Happy May Day, friends! I am so happy that the FIRST day of the Teacher Positivity Challenge 2019 is here. For my first #teacherpc2019 post, I'm sharing three of our adorable kinders holding the seeds they recently planted with our amazing librarian, Ms. McArthur. Seriously, these girls could NOT be any cuter. They were SO excited to show me the tiny seedlings that have already sprouted. After snapping their picture, I moved on to other tasks, always mindful of the neverending to-do list. It wasn't until a few hours later that the analogy dawned on me.
As teachers, it's not uncommon to hear the cliches about planting the "seeds of learning". Indeed, we often describe student learning and achievement in terms of growth. Taking the analogy further, we can think of ourselves as the gardener and our students as the little plants and flowers that we nurture throughout the school year. None of these metaphors are unique; we've heard them all before. When others tell us that we must be "so patient" to work with children or that we have a "true gift", we nod and smile. Perhaps we even give ourselves the proverbial pat on the back, acknowledging the hard work of our profession while simultaneously thinking, "You have no idea."
What isn't typically mentioned in the "teacher as gardener" analogy are the weeds. The bane of any gardener's existence, a weed is, by definition :
a plant that is not valued where it is growing and is usually of vigorous growth
especially : one that tends to overgrow or choke out more desirable plants
A typical response to actual weeds in a real-life garden might include ignoring them until they have overtaken the entire garden OR yanking them out by their roots OR spraying them with weed killer. At this point, you may wonder what weeds I'm referring to in our garden metaphor. Well, what weeds are YOU thinking about? Are you thinking of the misbehaving students, the slacker co-workers, the complaining colleagues, the angry parents, the demanding administrators, the lack of district support/resources.......... that list could go on and on, couldn't it? Just like in a real garden, our minds can easily become overrun with these weeds and the negative thinking they nurture. Here's the facts, friends. The weeds aren't going away. As soon as you think you've conquered them, they pop up somewhere else. You will always have students who misbehave. You will always have parents who are upset. You will always have colleagues who frustrate you. You will never have enough time/money/resources to adequately meet the needs. There. Will. Always. Be. Weeds.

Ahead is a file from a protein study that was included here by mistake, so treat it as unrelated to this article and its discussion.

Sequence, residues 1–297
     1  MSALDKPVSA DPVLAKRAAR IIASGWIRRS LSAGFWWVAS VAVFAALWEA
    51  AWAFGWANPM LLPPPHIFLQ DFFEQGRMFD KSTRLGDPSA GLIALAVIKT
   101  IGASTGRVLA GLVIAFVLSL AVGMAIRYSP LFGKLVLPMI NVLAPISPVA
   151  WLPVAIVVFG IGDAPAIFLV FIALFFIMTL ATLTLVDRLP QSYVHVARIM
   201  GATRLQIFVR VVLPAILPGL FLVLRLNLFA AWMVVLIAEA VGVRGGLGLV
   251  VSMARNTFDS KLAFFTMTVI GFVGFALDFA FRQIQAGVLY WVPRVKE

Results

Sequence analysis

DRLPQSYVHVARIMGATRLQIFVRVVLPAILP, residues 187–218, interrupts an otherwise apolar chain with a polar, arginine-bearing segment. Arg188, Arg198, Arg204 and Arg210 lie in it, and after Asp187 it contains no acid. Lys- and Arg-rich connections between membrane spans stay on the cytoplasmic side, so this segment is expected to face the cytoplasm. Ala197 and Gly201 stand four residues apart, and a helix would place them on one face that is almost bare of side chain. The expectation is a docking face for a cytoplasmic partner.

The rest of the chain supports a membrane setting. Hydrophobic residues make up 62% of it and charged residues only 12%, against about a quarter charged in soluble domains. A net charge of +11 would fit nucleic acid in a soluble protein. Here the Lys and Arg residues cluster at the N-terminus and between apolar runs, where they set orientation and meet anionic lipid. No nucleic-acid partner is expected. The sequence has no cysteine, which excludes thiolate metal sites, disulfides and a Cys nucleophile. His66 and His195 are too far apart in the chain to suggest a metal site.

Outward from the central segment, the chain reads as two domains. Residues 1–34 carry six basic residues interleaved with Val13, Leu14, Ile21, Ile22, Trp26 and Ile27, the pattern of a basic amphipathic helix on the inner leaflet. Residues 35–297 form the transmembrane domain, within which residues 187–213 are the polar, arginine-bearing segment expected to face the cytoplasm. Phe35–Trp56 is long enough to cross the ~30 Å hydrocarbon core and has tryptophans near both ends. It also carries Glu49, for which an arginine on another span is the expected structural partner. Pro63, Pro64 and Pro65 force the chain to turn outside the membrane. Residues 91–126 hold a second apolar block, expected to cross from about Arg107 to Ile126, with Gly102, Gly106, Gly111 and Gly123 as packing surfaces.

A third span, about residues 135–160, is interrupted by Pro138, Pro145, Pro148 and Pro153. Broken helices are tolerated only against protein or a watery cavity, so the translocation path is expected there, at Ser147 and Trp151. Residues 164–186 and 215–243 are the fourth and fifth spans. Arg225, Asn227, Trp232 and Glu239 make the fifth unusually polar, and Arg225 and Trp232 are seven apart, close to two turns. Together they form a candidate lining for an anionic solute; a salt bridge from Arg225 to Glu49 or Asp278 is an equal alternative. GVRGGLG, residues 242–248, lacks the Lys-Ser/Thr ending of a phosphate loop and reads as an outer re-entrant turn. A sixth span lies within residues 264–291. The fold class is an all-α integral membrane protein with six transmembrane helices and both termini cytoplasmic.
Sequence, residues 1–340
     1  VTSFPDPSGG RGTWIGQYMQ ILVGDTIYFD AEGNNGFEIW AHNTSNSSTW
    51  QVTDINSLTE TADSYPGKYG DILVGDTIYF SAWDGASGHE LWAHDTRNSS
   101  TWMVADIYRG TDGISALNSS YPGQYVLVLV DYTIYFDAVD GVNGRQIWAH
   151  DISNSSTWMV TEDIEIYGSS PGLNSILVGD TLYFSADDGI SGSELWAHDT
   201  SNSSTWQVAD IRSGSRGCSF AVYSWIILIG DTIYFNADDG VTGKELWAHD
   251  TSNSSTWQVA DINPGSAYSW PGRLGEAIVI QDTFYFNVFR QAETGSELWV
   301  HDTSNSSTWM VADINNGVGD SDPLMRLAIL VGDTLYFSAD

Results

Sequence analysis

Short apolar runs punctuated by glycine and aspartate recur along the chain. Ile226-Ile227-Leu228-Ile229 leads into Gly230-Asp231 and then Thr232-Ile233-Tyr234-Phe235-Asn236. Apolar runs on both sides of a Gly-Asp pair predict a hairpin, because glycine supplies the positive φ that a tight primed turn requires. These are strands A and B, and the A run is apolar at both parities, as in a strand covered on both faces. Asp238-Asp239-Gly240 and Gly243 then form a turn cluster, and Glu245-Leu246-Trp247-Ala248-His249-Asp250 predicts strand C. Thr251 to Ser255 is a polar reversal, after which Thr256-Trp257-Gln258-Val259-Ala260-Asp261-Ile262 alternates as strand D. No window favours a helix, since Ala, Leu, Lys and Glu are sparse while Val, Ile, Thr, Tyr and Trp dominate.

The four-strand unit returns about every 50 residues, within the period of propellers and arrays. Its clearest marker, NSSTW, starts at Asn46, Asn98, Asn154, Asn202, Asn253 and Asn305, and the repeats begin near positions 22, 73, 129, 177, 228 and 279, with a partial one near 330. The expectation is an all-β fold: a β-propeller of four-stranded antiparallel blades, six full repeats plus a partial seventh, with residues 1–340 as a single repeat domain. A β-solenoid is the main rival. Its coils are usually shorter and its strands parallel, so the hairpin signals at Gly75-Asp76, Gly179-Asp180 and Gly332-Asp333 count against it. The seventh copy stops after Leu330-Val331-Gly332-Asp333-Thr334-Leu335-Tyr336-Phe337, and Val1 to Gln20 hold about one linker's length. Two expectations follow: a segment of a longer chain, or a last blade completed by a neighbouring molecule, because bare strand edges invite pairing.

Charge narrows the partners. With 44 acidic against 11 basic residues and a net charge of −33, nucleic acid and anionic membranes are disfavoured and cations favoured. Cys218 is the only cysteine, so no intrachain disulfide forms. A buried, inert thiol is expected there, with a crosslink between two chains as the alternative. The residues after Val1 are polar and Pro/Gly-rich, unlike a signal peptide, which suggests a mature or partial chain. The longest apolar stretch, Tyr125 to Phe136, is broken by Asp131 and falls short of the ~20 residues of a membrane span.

The GOOD news is that there ARE some weeds that you CAN thin out. These are the weeds that keep you from seeing the thriving, budding plants (aka: your students) that are growing RIGHT IN FRONT OF YOU. The weeds I'm talking about now are all those negative thoughts that drag you down. Yes, the "you-can't-get-rid-of-the-weeds" weeds are often the source of your negative thinking. However, your thoughts are just............thoughts.
COOL SECRET ALERT(!): You can change your thoughts!!! Yes, you can!!!! You can yank those negative, self-defeating thoughts right out by the roots. When you do, be sure to keep your eyes wide open. There are some beautiful plants growing in your garden. You just have to do some #mindweeding to allow yourself to see them.
I am so lucky. As an instructional coach, I am in and out of classrooms all day long. I can quickly and easily see all the beautiful, flourishing growth happening in the classrooms at my school. I frequently have a nearly irrepressible urge to grab teachers by the face and help them SEE all the #aMAYzing things kids are doing in their classrooms. (Don't worry if you are an actual teacher in my actual school - I promise there will be no in-person face-grabbing!) Just know that once you weed out some of those negative thoughts and go on an intentional search for growth....... you'll find it!!!
So, my friends, please go forth and do some intentional #mindweeding! It will feel so, so good to place your focus and attention on what is going well in your classroom and school. There's a saying that goes something like: "Be careful what you look for, because that's what you'll find." Stop looking for the weeds or that's all you'll see. Go find some beautiful flowers! They're blooming all around! I guarantee it. In the meantime, I'll be over here crushing on these kinder-cuties and their seedlings.